People with monkeypox or who think they might have it “should avoid contact with other people until their lesions have healed and the scabs have dried off,” the guide says.
The World Health Organization has said the monkeypox outbreak is unlikely to turn into a pandemic, but warned that action should be taken quickly to stop the spread.
The WHO said on Sunday that nearly two dozen countries have reported a total of 257 confirmed cases and approximately 120 suspected cases of monkeypox. In Britain, which has the highest number of confirmed cases of monkeypox in the world, according to the WHO, health authorities have suggested new measures for health workers and the public.
Rosamund Lewis, WHO technical lead on monkeypox, said in a Report Monday that most of the confirmed cases have been identified with gay, bisexual and other men who have sex with men, and that the risk for the general population is “low”.
“This group of people [men who have sex with men] are the ones most affected by the cases at the moment, and the idea is obviously to stop the spread so that it does not affect the more general population, ”she said. “That said, anyone can be at risk.”
Lewis said “the world has an opportunity to stop this outbreak” by identifying confirmed or potential cases, isolating them and tracing their close contacts, and keeping tabs on those who have been exposed, who according to the WHO guidelines, do not need to stay home if they do not have symptoms.
“At this time, we are not concerned about a global pandemic,” she added. “We are concerned that individuals could acquire this infection through high-risk exposure if they do not have the information they need to protect themselves.”
The UK government’s new guidelines are designed in part to help those who have or are exposed to the disease, as well as being a summary of what is known and what is not known about the virus. The document says most infections so far have occurred through close, direct contact.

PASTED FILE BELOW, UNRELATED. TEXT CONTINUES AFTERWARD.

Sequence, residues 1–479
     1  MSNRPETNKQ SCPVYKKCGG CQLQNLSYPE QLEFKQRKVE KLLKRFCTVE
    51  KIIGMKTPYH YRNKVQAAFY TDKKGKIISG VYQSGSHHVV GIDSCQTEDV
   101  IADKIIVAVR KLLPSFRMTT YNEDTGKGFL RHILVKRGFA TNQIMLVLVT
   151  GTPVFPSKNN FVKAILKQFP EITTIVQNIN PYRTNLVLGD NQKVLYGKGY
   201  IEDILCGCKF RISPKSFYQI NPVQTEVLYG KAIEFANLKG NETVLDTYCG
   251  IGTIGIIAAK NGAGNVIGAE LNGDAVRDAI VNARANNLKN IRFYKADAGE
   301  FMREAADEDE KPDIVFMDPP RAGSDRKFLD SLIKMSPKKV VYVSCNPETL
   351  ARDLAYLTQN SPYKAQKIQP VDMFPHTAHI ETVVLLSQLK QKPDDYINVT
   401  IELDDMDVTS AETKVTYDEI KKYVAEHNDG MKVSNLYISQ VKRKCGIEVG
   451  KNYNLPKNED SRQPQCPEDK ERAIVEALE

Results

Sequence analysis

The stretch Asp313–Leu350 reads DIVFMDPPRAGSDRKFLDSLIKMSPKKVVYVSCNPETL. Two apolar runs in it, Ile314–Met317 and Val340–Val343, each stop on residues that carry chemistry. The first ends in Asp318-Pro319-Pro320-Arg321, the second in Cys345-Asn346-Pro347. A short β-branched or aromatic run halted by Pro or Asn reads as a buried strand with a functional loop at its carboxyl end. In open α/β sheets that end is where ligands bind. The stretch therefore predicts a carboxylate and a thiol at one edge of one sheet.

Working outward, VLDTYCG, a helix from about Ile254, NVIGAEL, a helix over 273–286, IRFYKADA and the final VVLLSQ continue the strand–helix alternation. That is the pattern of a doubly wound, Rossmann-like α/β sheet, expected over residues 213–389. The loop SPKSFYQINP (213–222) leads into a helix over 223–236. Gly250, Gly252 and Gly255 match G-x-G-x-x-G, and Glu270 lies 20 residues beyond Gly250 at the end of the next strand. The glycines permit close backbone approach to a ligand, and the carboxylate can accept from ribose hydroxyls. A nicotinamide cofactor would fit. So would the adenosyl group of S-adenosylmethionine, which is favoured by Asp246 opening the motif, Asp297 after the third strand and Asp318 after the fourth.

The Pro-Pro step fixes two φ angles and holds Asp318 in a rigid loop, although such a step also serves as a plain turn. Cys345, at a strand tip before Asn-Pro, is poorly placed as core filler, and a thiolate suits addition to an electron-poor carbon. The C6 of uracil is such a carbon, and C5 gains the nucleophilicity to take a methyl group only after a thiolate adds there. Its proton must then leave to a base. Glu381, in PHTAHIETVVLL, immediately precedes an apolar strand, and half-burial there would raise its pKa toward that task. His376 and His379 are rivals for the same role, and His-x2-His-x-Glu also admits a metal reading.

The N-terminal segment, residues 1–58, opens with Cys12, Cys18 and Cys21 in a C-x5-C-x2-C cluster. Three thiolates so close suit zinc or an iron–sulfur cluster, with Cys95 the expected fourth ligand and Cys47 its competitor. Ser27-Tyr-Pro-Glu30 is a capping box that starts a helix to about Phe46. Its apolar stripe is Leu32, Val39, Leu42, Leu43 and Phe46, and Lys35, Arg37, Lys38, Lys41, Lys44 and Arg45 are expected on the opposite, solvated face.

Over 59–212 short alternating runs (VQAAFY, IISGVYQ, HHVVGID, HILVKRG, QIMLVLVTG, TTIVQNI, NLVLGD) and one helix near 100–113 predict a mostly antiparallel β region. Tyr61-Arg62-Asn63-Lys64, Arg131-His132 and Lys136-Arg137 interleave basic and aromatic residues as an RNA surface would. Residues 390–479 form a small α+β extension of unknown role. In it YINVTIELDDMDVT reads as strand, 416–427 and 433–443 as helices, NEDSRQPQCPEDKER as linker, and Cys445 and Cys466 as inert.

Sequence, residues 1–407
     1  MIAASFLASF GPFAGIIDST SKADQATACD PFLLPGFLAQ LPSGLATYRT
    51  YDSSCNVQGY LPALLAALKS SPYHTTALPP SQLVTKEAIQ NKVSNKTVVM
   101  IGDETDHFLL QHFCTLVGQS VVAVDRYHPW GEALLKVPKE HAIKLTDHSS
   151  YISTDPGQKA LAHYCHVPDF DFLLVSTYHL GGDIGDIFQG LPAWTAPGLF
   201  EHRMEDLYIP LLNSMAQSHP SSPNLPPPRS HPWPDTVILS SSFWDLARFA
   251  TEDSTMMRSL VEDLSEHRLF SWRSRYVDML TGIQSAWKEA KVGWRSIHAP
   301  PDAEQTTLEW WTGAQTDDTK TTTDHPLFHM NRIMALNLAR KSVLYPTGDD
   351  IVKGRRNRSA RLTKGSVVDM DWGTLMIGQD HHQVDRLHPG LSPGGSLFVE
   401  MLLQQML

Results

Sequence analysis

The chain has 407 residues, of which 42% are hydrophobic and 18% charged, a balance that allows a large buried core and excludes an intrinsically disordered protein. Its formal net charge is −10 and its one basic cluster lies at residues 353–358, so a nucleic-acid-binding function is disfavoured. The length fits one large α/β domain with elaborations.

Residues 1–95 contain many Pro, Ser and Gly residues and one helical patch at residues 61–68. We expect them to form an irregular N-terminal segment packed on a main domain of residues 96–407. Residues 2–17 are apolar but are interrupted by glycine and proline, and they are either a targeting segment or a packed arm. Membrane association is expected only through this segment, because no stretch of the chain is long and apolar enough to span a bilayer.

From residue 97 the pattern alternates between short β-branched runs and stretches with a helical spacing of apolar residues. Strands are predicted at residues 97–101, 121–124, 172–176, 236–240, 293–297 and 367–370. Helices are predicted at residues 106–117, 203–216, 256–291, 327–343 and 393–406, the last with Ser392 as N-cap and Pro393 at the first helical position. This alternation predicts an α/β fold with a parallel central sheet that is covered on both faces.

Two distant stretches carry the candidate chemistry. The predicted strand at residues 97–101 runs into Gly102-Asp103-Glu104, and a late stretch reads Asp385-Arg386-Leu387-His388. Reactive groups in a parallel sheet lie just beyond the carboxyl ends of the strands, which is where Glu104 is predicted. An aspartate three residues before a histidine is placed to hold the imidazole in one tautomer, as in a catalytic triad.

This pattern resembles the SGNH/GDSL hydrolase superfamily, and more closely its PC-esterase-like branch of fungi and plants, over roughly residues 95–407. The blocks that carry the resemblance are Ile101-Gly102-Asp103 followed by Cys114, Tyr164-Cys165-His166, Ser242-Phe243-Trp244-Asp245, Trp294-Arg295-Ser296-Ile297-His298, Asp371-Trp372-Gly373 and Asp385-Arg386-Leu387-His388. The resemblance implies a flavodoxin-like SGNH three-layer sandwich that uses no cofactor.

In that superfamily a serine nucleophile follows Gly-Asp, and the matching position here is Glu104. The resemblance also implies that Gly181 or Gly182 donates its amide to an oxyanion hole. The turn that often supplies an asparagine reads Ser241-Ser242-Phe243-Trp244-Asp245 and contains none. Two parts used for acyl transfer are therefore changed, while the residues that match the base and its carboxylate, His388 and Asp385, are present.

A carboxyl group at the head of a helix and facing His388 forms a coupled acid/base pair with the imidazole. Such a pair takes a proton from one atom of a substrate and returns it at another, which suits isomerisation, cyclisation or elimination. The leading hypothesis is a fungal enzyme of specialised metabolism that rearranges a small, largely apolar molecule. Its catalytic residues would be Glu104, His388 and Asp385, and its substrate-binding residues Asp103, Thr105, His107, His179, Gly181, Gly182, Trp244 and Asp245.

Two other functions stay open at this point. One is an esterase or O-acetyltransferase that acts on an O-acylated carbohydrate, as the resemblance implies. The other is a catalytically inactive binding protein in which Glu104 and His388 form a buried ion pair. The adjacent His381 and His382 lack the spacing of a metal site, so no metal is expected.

People with monkeypox can self-isolate at home, as long as they are monitored by local health authorities, the guidelines say. Their close contacts do not have to quarantine if they are asymptomatic, but will be monitored and may be “asked to self-isolate for 21 days if necessary”.
People with confirmed or suspected monkeypox should “abstain from sex while symptomatic, including during the period of early symptom onset, and while lesions are present,” it says.
He adds that “there is currently no available evidence of monkeypox in genital excreta” but recommends “as a precaution” that those who have had monkeypox “use condoms for 8 weeks after infection”, noting that the guidelines could change.
The UK Health Security Agency, one of the departments behind the directive, has started offering a smallpox vaccine, a new version of which has been approved in the US for use against monkeypox, to close contacts of confirmed cases” to reduce the risk of symptomatic infection and serious illness.
Studies suggest that the smallpox vaccine is at least 85% effective against monkeypox, according to the US Centers for Disease Control and Prevention. United States stopped vaccinating people against smallpox — which was eradicated globally in 1980 — on a routine basis in the 1970s.
WHO has not recommended universal vaccination against monkeypoxalthough it indicates that countries may want to vaccinate close contacts after being exposed to the virus or healthcare workers who may be exposed in the future.
During Monday’s briefing, the WHO’s Lewis said “it would be unfortunate” if monkeypox were allowed to “establish itself as … an infection capable of human-to-human transmission and to exploit the immune deficiency left behind by smallpox 40 years ago.”
“So the WHO is very keen, given the history of smallpox eradication, to also stop this epidemic as soon as possible,” she said.
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